The supply voltage Vdd applied by the DC power source 5 is input to the power voltage detection circuit 11 via the terminal P1 while input to the source of the power transistor Q1. The gate of the power transistor Q1 is connected with the charge current controlling circuit 12 via the terminal P2. The power voltage detection circuit 11 outputs a predetermined signal Sv to the controlling circuit 18 when the voltage of the terminal P1 becomes not less than a predetermined voltage to inform that a power is supplied from the DC power source 5. The charge current controlling circuit 12 outputs a charge controlling signal to the gate of the power transistor Q1 via the terminal P2 upon reception of a control signal Sc from the controlling circuit 18 to control the charge current ich.

The drain of the power transistor Q1 is connected with an anode of the diode D1 via the resistor R1. The cathode of the diode D1 is connected with each of the battery terminal B+ and the terminal P5. The drain of the power transistor Q1 is connected with the first current detection terminal P3. The resistor R1 is connected with the first current detection terminal P3 and the second current detection terminal P4. The charge current detection circuit 13 determines the current ich from the voltage difference between both the ends of the resistor R1 (i.e., the difference between the voltage applied to the first current detection terminal P3 and the voltage applied to the second current detection terminal P4), and outputs a signal Si including the detected current information to the controlling circuit 18.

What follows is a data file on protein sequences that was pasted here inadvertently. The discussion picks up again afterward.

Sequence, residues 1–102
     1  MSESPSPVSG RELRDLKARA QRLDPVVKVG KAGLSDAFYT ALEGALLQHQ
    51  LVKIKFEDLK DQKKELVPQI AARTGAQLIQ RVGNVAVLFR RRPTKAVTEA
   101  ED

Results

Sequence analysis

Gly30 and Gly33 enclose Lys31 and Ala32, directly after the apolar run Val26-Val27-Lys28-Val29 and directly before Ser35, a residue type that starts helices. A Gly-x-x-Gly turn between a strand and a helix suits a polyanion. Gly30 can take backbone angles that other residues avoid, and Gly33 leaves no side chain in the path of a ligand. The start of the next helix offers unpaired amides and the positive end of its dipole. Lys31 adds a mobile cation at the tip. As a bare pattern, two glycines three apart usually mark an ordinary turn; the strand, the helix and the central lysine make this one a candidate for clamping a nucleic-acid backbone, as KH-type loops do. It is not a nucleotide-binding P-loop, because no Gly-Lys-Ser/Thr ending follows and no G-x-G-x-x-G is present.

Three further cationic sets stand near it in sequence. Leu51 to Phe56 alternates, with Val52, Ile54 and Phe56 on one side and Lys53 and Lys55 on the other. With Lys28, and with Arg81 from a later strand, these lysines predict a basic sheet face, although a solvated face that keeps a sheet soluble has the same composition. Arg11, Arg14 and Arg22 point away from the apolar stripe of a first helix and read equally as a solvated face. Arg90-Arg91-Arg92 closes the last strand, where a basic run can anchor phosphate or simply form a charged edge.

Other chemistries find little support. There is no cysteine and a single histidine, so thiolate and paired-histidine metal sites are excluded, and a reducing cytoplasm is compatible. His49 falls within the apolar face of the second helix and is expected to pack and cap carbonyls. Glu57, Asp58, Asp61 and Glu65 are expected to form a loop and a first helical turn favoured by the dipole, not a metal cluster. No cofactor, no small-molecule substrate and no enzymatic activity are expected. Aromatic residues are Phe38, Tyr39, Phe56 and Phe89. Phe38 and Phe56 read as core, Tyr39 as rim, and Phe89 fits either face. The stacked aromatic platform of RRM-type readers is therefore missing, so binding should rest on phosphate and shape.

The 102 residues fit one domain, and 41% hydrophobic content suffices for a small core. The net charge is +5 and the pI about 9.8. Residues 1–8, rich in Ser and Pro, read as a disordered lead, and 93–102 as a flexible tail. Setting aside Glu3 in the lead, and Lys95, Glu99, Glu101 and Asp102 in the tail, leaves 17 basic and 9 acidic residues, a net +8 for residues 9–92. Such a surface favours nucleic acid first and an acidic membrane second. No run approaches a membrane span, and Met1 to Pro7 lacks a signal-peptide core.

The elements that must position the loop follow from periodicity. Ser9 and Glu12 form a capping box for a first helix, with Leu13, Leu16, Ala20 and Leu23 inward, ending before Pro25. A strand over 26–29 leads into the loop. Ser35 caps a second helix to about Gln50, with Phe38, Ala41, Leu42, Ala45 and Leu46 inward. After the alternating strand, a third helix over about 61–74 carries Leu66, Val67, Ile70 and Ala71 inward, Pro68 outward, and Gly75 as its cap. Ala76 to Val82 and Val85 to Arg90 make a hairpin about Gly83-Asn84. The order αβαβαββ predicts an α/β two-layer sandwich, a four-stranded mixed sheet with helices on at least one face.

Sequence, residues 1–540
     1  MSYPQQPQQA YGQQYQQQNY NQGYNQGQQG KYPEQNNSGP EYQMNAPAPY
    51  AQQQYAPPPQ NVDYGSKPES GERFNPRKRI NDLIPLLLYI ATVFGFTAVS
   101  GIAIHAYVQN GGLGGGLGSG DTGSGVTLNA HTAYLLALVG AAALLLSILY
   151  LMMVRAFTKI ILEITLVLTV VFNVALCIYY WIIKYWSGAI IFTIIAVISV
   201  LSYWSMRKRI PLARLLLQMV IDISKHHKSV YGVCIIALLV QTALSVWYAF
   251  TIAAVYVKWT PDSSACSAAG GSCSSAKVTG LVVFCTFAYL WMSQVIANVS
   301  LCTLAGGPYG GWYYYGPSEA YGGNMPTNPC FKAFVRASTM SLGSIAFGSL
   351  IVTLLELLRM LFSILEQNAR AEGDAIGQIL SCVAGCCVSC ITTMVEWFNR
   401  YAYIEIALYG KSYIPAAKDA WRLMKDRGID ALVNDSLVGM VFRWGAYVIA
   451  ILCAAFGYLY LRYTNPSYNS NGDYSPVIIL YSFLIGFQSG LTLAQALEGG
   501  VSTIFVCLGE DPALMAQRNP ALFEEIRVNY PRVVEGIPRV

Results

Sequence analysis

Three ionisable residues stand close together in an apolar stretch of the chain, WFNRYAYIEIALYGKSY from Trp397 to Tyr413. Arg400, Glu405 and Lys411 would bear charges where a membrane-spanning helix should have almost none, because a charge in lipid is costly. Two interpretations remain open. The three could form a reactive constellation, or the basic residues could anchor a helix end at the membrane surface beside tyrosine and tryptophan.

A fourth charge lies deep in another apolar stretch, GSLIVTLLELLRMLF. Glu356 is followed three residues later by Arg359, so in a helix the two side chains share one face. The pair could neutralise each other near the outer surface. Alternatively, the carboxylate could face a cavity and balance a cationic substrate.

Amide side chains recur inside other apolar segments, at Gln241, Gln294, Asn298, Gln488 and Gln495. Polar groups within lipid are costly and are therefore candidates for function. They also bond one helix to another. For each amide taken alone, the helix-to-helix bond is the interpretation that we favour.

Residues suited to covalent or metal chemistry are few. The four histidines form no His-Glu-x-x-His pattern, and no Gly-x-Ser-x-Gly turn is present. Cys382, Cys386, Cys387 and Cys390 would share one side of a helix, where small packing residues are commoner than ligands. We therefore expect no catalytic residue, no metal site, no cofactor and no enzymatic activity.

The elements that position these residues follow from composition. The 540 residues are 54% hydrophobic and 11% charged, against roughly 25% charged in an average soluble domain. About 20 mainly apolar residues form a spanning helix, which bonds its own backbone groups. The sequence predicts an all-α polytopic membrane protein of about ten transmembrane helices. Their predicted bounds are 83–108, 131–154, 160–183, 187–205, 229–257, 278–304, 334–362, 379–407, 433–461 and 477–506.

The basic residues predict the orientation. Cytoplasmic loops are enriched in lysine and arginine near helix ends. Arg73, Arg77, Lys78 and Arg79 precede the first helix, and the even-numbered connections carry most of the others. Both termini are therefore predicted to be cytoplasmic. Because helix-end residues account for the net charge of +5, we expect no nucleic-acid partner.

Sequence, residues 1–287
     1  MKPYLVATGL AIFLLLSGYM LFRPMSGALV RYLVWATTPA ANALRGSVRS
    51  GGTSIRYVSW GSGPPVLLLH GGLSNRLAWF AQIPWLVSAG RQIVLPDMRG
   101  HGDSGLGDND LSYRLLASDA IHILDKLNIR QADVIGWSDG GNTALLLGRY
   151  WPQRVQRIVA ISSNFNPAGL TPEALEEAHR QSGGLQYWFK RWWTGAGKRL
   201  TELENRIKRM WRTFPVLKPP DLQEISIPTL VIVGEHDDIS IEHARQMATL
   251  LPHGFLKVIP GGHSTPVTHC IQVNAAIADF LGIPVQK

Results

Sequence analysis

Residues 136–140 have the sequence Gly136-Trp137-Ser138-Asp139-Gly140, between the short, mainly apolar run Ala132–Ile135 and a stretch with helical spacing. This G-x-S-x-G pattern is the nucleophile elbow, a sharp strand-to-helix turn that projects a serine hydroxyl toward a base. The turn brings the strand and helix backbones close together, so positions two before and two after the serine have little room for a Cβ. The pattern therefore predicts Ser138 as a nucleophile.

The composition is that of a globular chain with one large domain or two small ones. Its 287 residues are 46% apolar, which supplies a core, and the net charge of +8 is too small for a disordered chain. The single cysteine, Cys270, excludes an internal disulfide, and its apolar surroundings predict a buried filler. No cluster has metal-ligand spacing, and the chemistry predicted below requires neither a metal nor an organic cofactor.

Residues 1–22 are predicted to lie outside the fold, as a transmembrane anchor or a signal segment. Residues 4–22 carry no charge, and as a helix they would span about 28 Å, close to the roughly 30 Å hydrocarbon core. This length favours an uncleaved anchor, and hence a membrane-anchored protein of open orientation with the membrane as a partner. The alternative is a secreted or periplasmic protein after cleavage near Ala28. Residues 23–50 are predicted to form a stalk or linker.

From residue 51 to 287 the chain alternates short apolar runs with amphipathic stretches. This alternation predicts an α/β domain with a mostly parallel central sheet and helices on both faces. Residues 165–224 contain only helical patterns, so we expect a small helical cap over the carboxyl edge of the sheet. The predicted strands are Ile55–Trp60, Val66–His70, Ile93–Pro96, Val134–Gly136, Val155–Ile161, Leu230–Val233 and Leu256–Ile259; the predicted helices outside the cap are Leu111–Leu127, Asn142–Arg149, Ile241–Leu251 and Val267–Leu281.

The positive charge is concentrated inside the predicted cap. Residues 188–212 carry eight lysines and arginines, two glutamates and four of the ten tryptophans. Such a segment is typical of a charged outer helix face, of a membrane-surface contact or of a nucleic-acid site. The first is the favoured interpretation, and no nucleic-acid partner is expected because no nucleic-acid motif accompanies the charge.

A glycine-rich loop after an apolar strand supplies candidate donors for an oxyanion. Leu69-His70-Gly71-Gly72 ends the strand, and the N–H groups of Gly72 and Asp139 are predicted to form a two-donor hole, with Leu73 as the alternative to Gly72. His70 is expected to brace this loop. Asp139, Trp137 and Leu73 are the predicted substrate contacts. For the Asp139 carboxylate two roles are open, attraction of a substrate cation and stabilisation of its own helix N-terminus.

The resistors R14, R13, R12 and R11 are serially connected between the reference voltage Vr output from the reference voltage generation circuit 14 and the ground voltage. A first voltage V1, which is the voltage at the connection point between the resistors R11 and R12, is input to an inverting input terminal of the comparator 15. A second voltage V2, which is the voltage at the connection point between the resistors R12 and R13, is input to an inverting input terminal of the comparator 16. A third voltage V3, which is the voltage at the connection point between the resistors R13 and R14, is input to an inverting input terminal of the comparator 17. Each of a first voltage detection signal S1 which is output from the comparator 15, a second voltage detection signal S2 which is output from the comparator 16, and a third voltage detection signal S3 which is output from the comparator 17, is output to the controlling circuit 18.

In addition, the controlling circuit 18 inputs a first control signal Sh1 for controlling the hysteresis of the comparator 16 and a second control signal Sh2 for controlling the hysteresis of the comparator 17 to the comparator 16 and the comparator 17, respectively.

The comparator 15 compares the battery voltage Vb, which is the voltage at the terminal P5, with the first voltage V1. When the battery voltage Vb becomes not less than the first voltage V1, the first voltage detection signal S1 output from the comparator 15 is changed from a low level to a high level. In contrast, when the battery voltage Vb becomes less than the first voltage V1, the first voltage detection signal S1 is changed from a high level to a low level.

The comparator 16 compares the battery voltage Vb with the second voltage V2. When Vb is not less than V2, the second voltage detection signal S2 output from the comparator 16 is changed from a low level to a high level. When Vb is less than V2−, which is obtained by subtracting the hysteresis voltage of the comparator 16 from the second voltage V2, the second voltage detection signal S2 output from the comparator 16 is changed from a high level to a low level. The comparator 16 has an input terminal, through which the first control signal Sh1 is input from the controlling circuit 18, to set the hysteresis voltage to a desired value according to the control signal Sh1.